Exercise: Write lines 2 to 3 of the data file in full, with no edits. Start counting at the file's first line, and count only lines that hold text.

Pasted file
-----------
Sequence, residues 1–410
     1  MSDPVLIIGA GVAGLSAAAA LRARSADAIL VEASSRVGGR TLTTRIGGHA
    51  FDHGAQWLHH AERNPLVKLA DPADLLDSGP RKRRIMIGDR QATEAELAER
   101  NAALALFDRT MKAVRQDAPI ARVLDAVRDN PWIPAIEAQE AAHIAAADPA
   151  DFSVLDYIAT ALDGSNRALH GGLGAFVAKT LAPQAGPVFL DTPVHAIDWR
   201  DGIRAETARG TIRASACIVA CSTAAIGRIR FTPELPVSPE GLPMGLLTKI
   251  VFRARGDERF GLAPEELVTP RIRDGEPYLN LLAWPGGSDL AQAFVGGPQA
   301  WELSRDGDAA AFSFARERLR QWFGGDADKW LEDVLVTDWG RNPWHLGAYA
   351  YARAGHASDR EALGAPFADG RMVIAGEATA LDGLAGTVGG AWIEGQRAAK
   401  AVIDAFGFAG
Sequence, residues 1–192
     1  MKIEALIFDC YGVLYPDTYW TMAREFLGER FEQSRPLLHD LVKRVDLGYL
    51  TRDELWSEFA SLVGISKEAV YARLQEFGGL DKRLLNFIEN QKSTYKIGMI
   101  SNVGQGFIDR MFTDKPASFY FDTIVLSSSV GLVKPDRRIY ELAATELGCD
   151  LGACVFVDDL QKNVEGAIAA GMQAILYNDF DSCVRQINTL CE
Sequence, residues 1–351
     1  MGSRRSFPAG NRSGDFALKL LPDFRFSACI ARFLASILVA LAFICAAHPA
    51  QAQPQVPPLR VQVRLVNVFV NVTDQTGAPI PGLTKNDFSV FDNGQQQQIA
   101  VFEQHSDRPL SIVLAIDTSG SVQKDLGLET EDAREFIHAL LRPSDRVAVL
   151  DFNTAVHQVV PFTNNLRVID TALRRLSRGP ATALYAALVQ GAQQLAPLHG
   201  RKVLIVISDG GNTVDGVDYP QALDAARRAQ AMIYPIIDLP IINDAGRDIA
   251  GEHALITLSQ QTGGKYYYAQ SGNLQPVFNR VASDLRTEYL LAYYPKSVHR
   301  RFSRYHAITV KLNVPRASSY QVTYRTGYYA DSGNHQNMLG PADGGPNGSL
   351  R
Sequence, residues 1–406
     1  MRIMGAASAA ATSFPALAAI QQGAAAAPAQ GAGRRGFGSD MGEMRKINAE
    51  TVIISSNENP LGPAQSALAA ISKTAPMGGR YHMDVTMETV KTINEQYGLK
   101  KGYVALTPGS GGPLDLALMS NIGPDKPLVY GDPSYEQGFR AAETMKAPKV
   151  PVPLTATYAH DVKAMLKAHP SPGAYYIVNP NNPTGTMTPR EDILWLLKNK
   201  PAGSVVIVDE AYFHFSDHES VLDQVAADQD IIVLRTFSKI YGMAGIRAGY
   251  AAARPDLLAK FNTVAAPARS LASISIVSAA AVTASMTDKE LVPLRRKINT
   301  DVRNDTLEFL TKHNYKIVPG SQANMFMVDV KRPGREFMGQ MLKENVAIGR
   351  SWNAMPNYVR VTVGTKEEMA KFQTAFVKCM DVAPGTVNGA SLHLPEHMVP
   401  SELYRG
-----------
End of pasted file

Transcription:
     1  MSDPVLIIGA GVAGLSAAAA LRARSADAIL VEASSRVGGR TLTTRIGGHA
    51  FDHGAQWLHH AERNPLVKLA DPADLLDSGP RKRRIMIGDR QATEAELAER